stuff I won’t share at church

Tomorrow, I am preaching at Cross Community Church about Esther in part 2 of Divine Intervention. She is one of the most awesome heroines of the Bible. Her decision to risk her life saved the lives of an entire nation. No wonder she is highly honored by Jewish people still today.

But I have a love/hate relationship with the story. While I honor the way that God divinely rescued the Jews by utilizing a very brave woman, I hate what she had to go through to be in the place where God could use her in such a powerful way.

The key phrase in the book of Esther is “such a time as this.” It comes from Esther 4:14 when Esther’s cousin, Mordecai challenges her to step up and intercede for her people who were about to be annihilated by King Xerxes and Haman.  “Who knows if perhaps you were made queen for just such a time as this?” She was waffling on whether or not she should ask the King to spare her people. There was a very real chance that she would die for even trying. Ultimately, she did the right thing and the King changed his decision.

Mordecai is saying to her (my paraphrase) “God has put you into the perfect position at the perfect time. He did this for a reason. Everything you have been through in your life is in preparation for this moment. Don’t blow it!”

Here is where I struggle with the story and what I do not plan to share while I am preaching tomorrow: Everything Esther had gone through was apparently orchestrated by God. If you know the story, you might be squirming a bit, too.  Basically, Esther became queen because the king had sex with a bunch of young women in one of his harems and he liked Esther the best. (Reminds me of the disgusting TV show The Bachelor!). Because Esther was the most attractive and apparently the most sexually satisfying to the King, he chose her to replace the queen he had just disposed. Think about it. This kind of degradation of women is a little hard to overlook. She had to be intimate with an arrogant, self-centered and most probably disgusting despot in order to save others. Would she say it was worth it? We have no way of knowing but I would assume she would say it was.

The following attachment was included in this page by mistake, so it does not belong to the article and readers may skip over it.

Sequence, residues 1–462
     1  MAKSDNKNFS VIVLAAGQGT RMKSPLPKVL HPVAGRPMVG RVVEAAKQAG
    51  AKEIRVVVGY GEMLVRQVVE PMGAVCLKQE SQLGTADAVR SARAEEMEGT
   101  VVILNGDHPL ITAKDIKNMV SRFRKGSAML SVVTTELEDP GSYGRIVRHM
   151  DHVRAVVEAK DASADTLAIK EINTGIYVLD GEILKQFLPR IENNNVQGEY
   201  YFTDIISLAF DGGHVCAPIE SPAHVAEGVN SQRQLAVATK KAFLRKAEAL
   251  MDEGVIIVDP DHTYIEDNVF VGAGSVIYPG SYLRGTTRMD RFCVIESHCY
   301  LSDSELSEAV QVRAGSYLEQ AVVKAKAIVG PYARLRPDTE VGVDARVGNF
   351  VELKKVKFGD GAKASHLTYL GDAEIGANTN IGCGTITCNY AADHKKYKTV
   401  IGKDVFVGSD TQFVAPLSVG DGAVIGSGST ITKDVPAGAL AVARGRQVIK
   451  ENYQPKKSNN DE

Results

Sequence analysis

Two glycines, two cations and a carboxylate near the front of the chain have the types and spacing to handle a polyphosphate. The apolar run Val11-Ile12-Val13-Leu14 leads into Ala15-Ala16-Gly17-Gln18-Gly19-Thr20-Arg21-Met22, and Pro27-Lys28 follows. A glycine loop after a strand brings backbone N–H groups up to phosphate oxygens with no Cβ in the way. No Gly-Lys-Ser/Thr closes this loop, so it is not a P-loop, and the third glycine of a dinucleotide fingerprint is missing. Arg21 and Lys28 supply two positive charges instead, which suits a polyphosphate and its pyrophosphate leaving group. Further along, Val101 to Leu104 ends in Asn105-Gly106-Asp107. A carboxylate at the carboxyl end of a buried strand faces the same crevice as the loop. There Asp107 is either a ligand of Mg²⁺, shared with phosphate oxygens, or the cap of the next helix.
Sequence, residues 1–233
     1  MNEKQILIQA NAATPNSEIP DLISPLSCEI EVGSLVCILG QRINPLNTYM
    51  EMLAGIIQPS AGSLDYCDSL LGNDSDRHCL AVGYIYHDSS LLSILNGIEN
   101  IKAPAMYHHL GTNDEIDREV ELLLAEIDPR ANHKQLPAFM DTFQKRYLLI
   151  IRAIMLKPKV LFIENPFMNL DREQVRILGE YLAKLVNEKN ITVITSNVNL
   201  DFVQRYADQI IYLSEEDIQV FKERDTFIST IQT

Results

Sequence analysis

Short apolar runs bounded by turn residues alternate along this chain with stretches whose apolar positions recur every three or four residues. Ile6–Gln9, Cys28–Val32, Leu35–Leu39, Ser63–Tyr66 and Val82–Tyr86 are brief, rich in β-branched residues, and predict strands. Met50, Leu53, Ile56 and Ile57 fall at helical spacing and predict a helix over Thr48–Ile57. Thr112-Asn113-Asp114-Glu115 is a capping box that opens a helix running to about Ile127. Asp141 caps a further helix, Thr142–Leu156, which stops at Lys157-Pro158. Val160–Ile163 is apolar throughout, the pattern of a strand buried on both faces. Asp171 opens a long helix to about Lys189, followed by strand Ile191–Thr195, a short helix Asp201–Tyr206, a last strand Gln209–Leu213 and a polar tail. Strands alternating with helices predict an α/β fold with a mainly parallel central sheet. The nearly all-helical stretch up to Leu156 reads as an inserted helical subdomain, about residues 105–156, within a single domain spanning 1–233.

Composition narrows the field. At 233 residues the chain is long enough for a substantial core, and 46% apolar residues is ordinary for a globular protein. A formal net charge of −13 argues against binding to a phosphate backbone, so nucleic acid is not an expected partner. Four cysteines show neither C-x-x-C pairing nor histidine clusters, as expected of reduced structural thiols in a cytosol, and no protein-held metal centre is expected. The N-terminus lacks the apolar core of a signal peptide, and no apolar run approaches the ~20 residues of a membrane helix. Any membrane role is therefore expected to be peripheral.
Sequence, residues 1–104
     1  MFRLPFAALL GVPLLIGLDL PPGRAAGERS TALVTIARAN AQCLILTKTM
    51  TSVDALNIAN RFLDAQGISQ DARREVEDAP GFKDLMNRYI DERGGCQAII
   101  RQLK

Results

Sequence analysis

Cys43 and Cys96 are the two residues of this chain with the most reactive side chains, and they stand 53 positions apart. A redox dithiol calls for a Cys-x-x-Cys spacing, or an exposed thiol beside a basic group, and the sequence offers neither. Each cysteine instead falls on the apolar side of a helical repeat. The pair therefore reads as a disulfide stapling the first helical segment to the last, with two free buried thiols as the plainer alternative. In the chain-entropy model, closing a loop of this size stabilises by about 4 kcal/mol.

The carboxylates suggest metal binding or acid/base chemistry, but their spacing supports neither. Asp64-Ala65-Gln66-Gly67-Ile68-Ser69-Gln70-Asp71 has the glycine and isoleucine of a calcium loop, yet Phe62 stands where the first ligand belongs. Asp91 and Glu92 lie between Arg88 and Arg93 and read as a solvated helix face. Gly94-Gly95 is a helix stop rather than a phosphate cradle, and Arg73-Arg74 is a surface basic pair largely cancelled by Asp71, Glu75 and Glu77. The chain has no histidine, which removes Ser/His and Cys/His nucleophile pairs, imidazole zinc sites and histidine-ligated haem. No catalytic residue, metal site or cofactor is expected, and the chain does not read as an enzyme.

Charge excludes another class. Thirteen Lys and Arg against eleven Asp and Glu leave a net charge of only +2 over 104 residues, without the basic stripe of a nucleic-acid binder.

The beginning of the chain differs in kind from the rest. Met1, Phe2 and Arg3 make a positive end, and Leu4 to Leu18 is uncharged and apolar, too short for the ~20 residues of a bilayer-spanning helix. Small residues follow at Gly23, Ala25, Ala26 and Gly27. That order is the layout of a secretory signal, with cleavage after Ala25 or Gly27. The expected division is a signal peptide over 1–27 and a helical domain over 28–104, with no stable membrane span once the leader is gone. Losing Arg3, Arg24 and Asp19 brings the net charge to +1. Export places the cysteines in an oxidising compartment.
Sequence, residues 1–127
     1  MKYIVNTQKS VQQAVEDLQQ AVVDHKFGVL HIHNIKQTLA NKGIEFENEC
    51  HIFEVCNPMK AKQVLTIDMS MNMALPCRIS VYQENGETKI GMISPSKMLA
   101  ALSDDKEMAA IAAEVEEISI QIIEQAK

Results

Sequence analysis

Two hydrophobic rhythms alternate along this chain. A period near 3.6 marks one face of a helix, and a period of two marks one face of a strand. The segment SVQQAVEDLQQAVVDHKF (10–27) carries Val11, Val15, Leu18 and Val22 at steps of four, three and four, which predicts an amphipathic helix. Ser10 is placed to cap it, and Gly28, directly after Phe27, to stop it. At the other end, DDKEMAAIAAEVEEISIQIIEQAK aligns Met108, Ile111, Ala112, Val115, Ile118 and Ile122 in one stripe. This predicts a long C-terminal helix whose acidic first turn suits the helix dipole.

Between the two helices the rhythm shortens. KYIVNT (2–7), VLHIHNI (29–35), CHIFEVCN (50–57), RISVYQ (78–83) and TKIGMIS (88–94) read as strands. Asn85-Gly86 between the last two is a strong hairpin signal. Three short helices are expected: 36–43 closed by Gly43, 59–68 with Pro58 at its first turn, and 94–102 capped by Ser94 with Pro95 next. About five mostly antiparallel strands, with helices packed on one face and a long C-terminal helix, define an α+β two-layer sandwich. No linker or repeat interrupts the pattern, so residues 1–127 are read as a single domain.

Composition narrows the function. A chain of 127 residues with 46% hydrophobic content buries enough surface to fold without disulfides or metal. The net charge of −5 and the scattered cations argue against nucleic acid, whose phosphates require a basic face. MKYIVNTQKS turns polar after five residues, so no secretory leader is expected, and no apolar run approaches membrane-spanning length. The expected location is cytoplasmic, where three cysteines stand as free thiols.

This whole story makes me wonder what all God will allow His children to go through in order to get them where He wants them. A little scary to me.  I don’t have the theological answers for this one and I’m not really even looking for them.  But I sure don’t plan to open that can of worms to the good people who will be sitting in the chairs at our church tomorrow.

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3 responses to “stuff I won’t share at church

  • Val Lumsden

    Rick, appreciate your “being real”, as always. You have touched on some true and disturbing thoughts. Don’t really have anything I can add to the discussion, just wanted to say I am glad you are not skating over the parts that are tough to grasp.

  • Jimmy Cristantiello

    Yeah, I prefer the veggie tale version that I show my kids. The king throws her out because she refuses to make him a sandwich!

    Although I will say this, it’s amazing how Christ comes to us regardless of the degree of filth we currenlty live in. Oh, how He loves us so. Thank you Lord otherwise we’d be stuck in our filthy sin not knowing it’s filthy.

  • Kathy Rogers

    That is a tough one. It reminds me of the line in the song “glory to God” by Fee. “Take my life and let it be, all for you and for your glory”. A very strong message. And whenever I sing it, I feel the challenge in those words. I pray that no matter what I go through in my life, that I would place it at the feet of Jesus, and let Him mold me into His image.

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